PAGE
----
When Minneapolis police officer Kimberly Potter fired her service revolver instead of her taser on April 11 killing Danute Wright, she was not the first to say this fatal action was a mistake. Sixteen police officers have done something similar according to the website The weapons have a similar feel and both are worn in holsters on an officer’s belt. They both fire with finger pressure on a trigger. That this weapon confusion could happen repeatedly over the course of decades has many in law enforcement calling for better training and urging officers to be more careful. But there’s a more thoughtful and effective… Read More…

Beyond the Headlines, More Than Pilot Error in Fatal B-17 Crash

April 14, 2021

The list of failures leading up to the crash of a World War 2-era B-17 in October of 2019 is lengthy, highlighting not just individual lapses but systemic ones, the National Transportation Safety Board has found. Seven people died and five others were seriously injured when the 4-engine aircraft dubbed Nine O Nine, struck approach lights short of the runway at Bradley International Airport in Connecticut then veered across the threshold slamming into vehicles and a deicing tank off the right side of the runway.  The pilot, Ernest “Mac” McCauley, 75, and co-pilot Michael Foster, 71, were killed along with five of the passengers who… Read More…

Kobe Bryant Crash Hearing Triggers NTSB Chairman to Ask, Are Two Pilots Better Than One?

February 9, 2021

Surprising no one, the National Transportation Safety Board determined that the helicopter crash that killed basketball superstar Kobe Bryant just over a year ago, was the result of poor pilot decision-making. Evidence of that came to light within days of the accident in January 26, 2020. The surprise came later, when NTSB board chairman, Robert Sumwalt, suggested things might not have taken a turn for the tragic, had two pilots been at the controls that day instead of one. Bryant, his teenage daughter Gianna, her friends and their parents, a youth basketball coach and the pilot were killed when the S-76 owned by Island Express… Read More…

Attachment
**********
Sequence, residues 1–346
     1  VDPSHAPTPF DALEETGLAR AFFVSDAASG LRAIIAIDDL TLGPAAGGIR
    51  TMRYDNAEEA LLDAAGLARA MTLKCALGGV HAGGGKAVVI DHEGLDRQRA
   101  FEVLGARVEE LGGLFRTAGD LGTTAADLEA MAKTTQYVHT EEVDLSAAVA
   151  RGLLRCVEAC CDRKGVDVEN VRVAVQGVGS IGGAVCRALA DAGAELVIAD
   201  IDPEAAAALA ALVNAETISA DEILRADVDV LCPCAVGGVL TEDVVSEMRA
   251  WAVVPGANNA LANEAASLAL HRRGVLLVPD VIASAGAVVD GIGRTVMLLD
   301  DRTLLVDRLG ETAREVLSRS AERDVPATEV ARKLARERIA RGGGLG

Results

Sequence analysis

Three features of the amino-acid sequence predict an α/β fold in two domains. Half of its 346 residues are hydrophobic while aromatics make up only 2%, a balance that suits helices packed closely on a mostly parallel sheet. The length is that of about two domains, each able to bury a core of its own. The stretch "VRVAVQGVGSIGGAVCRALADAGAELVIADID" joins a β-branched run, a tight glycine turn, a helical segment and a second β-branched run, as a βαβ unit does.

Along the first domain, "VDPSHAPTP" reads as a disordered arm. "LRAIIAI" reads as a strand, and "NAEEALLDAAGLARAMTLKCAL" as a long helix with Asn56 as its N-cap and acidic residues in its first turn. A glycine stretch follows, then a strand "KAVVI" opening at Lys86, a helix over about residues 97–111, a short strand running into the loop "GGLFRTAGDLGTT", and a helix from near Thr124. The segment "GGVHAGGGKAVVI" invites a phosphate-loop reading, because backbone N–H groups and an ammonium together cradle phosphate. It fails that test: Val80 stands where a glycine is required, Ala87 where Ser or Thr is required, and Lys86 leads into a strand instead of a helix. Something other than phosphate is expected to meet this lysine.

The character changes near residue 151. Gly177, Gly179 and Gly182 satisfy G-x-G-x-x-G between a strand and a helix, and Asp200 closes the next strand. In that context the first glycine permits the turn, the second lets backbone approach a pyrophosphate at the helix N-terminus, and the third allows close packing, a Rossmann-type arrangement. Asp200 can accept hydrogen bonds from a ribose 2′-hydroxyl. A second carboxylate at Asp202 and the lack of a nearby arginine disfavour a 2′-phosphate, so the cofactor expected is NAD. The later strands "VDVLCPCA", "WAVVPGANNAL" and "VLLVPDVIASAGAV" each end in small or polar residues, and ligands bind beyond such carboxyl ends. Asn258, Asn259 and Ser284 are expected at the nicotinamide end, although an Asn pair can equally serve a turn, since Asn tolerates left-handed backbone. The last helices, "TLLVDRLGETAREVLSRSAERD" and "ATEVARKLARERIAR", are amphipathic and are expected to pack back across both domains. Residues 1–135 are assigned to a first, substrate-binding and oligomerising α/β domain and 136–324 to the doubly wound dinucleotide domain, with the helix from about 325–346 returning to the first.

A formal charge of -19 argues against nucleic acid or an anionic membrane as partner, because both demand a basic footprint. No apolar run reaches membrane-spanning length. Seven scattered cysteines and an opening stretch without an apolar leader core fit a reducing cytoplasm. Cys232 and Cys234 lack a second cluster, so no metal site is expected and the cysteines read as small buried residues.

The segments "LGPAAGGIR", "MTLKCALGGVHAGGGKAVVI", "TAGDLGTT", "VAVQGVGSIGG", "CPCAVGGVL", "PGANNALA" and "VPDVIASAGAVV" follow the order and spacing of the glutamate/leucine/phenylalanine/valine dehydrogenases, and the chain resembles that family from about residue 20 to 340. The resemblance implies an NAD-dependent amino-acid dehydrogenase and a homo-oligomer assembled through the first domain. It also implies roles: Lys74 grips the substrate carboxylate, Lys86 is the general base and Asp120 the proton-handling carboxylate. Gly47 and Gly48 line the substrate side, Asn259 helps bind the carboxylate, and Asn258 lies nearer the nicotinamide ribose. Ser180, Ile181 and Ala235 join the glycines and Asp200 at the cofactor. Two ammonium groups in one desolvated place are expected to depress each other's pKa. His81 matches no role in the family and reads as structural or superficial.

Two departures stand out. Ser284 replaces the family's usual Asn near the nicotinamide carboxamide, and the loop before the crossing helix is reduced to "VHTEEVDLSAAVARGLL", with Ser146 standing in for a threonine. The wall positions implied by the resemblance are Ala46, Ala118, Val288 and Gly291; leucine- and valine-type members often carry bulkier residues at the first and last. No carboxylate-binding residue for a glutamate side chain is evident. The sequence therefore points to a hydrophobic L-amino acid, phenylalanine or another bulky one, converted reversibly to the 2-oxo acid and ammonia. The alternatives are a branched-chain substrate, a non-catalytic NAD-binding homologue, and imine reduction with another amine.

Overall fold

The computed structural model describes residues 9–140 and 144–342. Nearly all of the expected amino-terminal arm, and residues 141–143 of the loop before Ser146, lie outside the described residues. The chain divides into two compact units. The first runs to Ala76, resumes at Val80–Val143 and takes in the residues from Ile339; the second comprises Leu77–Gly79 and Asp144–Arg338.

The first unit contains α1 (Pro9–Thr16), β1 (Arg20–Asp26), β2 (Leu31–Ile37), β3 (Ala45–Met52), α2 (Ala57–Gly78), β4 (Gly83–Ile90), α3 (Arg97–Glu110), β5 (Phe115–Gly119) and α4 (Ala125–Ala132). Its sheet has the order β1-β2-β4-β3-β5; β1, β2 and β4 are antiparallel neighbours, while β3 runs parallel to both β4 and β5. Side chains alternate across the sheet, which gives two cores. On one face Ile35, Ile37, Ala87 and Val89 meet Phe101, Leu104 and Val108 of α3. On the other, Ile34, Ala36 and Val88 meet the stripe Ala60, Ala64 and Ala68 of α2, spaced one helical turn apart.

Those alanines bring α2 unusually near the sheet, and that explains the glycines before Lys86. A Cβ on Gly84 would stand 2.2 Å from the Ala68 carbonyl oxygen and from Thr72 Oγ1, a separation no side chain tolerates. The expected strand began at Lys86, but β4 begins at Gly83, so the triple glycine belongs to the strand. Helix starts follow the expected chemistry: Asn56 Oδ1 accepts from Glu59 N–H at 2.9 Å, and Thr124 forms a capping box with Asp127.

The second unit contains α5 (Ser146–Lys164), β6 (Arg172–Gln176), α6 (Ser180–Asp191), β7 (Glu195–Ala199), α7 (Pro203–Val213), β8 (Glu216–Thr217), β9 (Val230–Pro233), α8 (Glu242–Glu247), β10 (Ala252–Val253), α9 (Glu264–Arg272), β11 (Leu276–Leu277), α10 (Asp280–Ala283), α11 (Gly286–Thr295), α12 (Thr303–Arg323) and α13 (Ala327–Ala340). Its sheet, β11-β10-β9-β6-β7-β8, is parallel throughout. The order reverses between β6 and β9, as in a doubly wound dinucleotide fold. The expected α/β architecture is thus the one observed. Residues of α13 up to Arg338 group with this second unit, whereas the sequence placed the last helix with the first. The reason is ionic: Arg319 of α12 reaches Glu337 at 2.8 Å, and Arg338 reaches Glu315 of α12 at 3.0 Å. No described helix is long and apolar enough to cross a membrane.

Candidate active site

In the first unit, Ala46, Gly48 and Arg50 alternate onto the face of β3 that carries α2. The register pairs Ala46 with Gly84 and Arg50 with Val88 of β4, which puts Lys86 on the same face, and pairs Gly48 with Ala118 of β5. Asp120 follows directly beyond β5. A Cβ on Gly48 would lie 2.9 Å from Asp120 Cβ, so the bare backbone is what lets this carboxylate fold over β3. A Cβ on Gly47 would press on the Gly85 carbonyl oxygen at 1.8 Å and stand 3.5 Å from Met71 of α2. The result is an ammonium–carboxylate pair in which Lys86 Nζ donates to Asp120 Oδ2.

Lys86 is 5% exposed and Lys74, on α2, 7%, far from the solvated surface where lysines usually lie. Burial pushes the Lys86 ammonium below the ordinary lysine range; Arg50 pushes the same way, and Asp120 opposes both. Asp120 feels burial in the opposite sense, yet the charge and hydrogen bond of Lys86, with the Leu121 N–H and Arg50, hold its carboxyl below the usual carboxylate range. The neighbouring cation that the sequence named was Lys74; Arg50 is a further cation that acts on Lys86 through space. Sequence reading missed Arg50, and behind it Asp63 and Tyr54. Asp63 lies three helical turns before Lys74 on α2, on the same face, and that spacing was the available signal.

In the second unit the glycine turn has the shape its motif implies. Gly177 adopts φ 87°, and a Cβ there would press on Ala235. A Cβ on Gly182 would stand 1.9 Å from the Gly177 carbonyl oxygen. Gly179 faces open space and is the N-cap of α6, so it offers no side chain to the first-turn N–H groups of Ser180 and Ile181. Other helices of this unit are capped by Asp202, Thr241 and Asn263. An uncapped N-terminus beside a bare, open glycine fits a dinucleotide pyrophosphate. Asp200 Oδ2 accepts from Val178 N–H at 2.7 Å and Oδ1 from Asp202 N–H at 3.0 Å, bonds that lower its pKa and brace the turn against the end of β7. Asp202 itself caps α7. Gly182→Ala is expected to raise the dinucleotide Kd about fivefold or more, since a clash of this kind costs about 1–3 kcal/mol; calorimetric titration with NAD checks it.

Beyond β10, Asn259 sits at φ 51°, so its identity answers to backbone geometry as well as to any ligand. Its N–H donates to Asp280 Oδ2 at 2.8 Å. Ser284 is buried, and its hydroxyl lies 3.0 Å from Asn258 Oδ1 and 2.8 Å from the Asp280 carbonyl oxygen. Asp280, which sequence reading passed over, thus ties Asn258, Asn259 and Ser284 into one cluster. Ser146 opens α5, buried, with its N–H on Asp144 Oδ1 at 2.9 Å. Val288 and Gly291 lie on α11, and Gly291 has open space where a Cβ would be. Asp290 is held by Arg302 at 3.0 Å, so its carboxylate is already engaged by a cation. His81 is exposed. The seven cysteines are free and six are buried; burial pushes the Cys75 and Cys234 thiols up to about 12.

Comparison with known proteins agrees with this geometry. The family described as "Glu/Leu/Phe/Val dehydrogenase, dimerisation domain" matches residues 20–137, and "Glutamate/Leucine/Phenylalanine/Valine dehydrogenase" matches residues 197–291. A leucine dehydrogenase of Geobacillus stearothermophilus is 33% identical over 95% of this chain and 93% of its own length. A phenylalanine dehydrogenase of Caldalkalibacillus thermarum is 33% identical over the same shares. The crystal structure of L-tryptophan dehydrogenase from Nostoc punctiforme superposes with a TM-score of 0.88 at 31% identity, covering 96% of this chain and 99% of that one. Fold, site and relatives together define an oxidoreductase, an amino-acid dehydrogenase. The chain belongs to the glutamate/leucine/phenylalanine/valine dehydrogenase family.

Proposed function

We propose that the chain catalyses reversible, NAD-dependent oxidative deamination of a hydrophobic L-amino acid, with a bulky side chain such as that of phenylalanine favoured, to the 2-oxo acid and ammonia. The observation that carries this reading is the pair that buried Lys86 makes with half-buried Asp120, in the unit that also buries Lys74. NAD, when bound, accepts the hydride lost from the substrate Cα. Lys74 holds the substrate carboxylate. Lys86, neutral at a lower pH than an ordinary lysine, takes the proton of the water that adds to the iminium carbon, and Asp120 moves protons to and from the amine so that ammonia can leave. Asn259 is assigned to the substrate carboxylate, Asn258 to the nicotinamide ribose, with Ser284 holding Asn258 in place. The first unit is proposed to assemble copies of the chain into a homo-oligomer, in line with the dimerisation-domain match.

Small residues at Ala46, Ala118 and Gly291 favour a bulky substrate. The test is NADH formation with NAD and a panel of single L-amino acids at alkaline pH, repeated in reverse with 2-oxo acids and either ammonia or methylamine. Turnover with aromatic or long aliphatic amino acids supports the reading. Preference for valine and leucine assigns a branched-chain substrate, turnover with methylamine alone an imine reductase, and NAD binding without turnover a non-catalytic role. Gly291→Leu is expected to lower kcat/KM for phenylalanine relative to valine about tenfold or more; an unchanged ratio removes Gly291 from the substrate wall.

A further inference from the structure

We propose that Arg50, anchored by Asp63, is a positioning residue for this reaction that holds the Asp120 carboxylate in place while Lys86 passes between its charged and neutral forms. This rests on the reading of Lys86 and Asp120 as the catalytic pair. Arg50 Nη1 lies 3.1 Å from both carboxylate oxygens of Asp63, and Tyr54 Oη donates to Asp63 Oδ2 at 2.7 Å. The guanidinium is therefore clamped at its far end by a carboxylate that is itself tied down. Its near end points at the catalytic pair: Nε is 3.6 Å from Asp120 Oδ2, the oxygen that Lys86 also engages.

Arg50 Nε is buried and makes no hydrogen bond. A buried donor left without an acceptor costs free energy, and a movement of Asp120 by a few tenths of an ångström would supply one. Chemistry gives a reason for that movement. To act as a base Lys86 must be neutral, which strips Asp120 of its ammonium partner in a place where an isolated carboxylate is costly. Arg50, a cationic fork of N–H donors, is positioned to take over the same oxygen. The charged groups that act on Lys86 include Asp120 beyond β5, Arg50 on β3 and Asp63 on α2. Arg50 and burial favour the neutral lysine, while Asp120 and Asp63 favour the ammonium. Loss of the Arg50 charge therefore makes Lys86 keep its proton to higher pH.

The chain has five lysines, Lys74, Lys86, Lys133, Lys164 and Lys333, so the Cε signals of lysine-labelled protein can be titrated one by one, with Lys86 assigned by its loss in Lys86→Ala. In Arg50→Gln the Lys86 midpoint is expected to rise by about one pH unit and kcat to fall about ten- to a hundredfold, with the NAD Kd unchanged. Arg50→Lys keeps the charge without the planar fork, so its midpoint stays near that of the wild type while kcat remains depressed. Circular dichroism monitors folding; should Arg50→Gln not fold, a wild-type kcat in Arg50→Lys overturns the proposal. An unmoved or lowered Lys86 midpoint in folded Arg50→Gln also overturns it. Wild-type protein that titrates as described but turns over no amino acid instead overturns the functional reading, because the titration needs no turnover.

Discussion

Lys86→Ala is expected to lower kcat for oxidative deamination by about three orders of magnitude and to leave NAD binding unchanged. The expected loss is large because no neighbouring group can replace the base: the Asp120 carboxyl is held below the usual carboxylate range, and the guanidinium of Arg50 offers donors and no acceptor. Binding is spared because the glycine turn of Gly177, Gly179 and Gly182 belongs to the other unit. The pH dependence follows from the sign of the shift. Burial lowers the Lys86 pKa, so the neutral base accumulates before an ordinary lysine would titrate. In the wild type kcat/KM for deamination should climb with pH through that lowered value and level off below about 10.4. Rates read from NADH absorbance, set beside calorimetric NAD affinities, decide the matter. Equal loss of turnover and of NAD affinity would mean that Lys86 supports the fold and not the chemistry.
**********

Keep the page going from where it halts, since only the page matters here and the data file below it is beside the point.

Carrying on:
American Slashes Mechanic Training on 737 Max by 90 Percent

February 4, 2021

American Airlines, one of the first U.S. carriers to resume flights of the Boeing 737 Max, has slashed the training time for people who will repair and maintain the airplane – prompting one senior mechanic to file a report with the Federal Aviation Administration. Gary Santos, a crew chief at American’s base at New York’s John F. Kennedy Airport recently received 4 hours of instruction making him qualified to work on the Max and to inspect the work of others. It is one-tenth the amount of time that was set aside to teach mechanics about the airplane prior to the crashes of two Maxes that… Read More…